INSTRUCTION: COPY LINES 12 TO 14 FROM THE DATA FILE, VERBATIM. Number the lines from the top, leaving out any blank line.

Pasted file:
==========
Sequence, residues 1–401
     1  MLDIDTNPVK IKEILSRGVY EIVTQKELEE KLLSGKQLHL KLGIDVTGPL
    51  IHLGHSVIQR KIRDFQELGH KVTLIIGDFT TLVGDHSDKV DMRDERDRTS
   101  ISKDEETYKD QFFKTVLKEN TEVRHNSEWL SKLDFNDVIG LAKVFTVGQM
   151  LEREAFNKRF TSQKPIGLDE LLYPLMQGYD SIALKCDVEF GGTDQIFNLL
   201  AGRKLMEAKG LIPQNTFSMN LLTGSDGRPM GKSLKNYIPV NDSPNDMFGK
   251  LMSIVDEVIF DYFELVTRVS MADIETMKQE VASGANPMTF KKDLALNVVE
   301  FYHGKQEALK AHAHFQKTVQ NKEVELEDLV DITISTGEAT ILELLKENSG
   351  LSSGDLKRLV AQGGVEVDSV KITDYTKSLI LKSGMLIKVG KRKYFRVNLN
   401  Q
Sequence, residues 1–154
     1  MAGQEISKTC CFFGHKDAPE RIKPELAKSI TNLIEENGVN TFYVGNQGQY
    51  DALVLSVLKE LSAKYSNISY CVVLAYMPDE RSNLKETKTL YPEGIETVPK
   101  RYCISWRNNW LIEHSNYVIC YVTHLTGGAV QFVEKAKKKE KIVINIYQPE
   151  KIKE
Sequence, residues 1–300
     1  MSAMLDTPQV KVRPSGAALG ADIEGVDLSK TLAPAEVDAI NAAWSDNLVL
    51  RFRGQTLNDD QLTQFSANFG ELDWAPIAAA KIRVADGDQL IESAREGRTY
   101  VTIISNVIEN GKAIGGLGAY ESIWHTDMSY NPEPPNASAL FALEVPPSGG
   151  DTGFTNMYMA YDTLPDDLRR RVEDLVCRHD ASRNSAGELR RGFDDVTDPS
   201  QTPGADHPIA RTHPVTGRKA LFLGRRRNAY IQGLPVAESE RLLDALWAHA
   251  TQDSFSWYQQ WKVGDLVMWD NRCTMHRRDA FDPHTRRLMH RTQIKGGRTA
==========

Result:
     1  MAGQEISKTC CFFGHKDAPE RIKPELAKSI TNLIEENGVN TFYVGNQGQY
    51  DALVLSVLKE LSAKYSNISY CVVLAYMPDE RSNLKETKTL YPEGIETVPK
   101  RYCISWRNNW LIEHSNYVIC YVTHLTGGAV QFVEKAKKKE KIVINIYQPE